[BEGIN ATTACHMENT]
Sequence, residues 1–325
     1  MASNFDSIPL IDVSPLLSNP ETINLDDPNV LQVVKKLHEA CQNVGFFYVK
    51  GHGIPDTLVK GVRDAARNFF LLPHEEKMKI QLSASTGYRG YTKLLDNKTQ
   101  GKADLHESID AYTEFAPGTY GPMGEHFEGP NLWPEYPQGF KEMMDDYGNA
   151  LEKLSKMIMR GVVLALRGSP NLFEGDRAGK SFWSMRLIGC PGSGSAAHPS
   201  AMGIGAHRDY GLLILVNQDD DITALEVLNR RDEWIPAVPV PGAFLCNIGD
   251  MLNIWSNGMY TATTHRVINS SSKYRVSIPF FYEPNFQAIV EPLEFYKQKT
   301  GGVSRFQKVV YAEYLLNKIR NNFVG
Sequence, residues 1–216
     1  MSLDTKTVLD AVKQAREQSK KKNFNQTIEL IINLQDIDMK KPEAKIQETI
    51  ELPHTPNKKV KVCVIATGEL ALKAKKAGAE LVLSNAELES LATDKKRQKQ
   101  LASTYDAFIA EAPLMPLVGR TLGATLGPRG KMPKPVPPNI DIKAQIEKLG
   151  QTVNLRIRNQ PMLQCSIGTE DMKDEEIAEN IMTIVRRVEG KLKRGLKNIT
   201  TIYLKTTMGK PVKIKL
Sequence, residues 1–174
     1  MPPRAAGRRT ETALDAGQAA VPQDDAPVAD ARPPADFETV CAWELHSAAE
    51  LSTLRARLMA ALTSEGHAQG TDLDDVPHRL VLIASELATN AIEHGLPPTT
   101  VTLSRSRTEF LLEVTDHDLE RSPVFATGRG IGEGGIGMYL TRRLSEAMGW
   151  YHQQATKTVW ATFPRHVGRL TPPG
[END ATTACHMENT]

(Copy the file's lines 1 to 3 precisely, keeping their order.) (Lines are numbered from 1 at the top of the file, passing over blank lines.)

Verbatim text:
Sequence, residues 1–325
     1  MASNFDSIPL IDVSPLLSNP ETINLDDPNV LQVVKKLHEA CQNVGFFYVK
    51  GHGIPDTLVK GVRDAARNFF LLPHEEKMKI QLSASTGYRG YTKLLDNKTQ